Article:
I did not know the members of the United States figure skating team well, for I only met them a short while ago in Philadelphia, where I was assigned to photograph them by your editors.
Would-be sports authorities forewarned me at the time that as a journalist I might find figure skaters a difficult group to deal with. I found the opposite to be true. Good-looking, gifted, totally dedicated to an all-demanding sport, there were many things about these boys and girls to impress my camera. What remained with me then as now, however, was their youth. This may seem an obvious comment to make, but as I watched their happy, inspiring faces and their graceful young bodies gliding over the ice, I felt as though I was looking not at the present but into the future. They seemed to promise so much.
My last memory of Laurence Owen was in the vast and shadowy arena where a few hours earlier she had won the women's North American figure skating championship. The seats were all empty. All the skaters save one had left. Down on the ice one girl remained, encircled by a small group of amateur photographers. With a radiant smile that almost lit up that dark place, Laurence Owen was posing for her friends who had come down from Boston to see her skate. A joyful, beautiful girl on probably the happiest day of her life.
JAMES A. DRAKE
I have made more than 100 drawings of the Owenses for the SPORTS ILLUSTRATED articles (Dec. 22, 1958 et seq.) and for Maribel's new book—carefully, carefully, observing each face and skate, their hands just so. I know them very well, in a special way, as no one else does. I can close my eyes and see their faces and hear their laughter and I will hear it always and see them moving on the brilliant ice in the morning sunlight.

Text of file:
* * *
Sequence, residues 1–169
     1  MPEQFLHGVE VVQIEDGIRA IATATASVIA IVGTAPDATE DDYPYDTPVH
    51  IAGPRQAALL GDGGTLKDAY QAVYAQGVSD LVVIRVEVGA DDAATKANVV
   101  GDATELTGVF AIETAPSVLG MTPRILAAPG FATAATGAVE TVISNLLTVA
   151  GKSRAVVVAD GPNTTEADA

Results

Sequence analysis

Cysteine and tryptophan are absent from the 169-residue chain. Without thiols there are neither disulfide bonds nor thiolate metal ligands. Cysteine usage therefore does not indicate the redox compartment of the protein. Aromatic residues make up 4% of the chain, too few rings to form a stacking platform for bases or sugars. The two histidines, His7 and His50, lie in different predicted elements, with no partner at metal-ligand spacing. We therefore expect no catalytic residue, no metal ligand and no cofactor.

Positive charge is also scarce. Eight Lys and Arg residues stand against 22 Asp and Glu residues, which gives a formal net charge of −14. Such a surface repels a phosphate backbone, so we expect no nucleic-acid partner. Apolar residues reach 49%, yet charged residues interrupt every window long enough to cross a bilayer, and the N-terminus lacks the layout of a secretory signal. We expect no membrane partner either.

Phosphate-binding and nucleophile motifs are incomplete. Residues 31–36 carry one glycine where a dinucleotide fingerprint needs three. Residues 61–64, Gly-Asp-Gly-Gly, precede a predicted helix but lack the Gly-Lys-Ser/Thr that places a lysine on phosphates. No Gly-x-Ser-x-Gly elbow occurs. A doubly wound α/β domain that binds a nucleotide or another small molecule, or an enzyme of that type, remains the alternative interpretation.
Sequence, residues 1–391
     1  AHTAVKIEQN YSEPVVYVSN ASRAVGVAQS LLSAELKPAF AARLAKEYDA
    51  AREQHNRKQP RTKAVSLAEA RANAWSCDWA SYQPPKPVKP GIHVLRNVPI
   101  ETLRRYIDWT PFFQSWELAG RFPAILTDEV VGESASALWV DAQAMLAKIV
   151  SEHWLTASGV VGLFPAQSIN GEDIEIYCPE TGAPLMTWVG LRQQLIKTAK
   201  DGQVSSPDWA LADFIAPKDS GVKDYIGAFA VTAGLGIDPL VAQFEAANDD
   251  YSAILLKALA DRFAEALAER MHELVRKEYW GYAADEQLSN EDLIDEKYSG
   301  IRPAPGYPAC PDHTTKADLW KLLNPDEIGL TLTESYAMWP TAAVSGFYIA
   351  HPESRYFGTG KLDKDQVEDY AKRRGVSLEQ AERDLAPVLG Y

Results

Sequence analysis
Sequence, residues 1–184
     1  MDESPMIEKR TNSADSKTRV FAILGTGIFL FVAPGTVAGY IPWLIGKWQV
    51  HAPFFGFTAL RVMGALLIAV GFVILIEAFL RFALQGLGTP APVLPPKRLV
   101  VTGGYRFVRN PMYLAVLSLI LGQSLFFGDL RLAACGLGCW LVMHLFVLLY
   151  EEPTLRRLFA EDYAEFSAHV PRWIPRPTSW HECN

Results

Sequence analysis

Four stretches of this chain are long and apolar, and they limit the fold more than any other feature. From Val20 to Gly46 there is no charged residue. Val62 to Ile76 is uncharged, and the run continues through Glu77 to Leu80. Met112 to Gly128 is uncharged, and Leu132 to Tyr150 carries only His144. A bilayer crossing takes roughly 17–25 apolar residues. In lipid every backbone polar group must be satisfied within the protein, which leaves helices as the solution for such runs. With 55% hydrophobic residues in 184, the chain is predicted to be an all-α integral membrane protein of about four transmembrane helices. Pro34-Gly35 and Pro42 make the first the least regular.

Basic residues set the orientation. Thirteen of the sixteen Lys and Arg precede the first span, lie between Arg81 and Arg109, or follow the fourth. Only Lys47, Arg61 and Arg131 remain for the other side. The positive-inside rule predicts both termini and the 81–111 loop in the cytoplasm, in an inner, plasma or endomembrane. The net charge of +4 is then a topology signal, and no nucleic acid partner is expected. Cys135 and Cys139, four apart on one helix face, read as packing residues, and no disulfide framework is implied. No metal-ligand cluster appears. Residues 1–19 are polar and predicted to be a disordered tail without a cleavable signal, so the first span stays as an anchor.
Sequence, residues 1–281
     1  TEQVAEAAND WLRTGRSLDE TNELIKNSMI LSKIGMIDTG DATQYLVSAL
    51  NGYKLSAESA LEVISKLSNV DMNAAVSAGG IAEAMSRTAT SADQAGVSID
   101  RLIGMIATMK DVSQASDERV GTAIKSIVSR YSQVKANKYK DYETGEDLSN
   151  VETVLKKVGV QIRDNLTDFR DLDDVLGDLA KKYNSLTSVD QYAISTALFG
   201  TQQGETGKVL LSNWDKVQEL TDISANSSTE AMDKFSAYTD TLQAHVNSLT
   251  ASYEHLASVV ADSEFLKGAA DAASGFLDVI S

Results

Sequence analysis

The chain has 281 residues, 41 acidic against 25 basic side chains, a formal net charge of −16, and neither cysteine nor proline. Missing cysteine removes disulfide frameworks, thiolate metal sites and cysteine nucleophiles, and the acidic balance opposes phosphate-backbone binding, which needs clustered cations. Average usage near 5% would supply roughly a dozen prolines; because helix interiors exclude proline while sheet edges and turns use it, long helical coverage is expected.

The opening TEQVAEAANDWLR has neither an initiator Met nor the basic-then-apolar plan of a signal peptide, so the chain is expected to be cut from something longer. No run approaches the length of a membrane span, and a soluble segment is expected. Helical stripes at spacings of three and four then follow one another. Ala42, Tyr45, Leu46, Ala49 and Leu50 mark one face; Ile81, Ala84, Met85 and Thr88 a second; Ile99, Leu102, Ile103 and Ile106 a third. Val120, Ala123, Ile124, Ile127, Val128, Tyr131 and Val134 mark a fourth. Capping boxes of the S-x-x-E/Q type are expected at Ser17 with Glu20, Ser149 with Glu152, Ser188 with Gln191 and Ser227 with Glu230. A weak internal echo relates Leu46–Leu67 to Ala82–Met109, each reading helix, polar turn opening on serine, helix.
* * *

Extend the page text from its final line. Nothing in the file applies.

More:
NAUTICAL GAFF (cont.)
PARDON INTRUSION INTO SALT WATER DISCUSSION FROM MIDDLE OF DESERT BUT MUST TAKE ISSUE WITH 19TH HOLE FOR FEB. 27. "AEGEAN" IS FLYING THE ENSIGN PROPERLY. WHILE AMERICAN AND INTERNATIONAL HIGH SEAS USAGE PRESCRIBES FLYING ENSIGN ON SCHOONER AT MAIN PEAK OR GAFF, IT IS THE CUSTOM OF EVERY EUROPEAN MARITIME NATION FROM NORWAY TO GREECE TO FLY ENSIGN FROM STAFF AT STERN ON ALL TYPES OF SAILING VESSELS UNDER WEIGH.
BOXING'S BLIND AND BUFFS
Your article Hail, Hail, the Gang's All Here (Feb. 20) points a magnifying lens at the proverbial blind men and the elephant. Granted that all five members will benefit from the Patterson-Johansson fight next month, still the accompanying drawing lacks one representative figure, namely, us—the poor, blind public.
JACQUES B. NICHOLS
Your drawing showed the Swede out cold,
And this we think is fine.
But "prone" he's not, you must agree;
That pose is called supine.
J. F. SWAIN
Prospect Park, Pa.
THE FANS AND FRANÇOIS
I love ice hockey dearly, but now I know why André François illustrates children's books (The Most Beautiful Game of All, Feb. 20). Those paintings of my second-favorite sport look like some that I submitted to my first-grade teacher 20 years ago.
If you can't find anything better with which to fill in those empty pages, just leave them blank.
ROBERT D. BOIVIN
Niagara University, N.Y.
André should have gone back to Madison Square Garden at least two more times before he attempted this bit.
ROBERT N. BOTT
New York City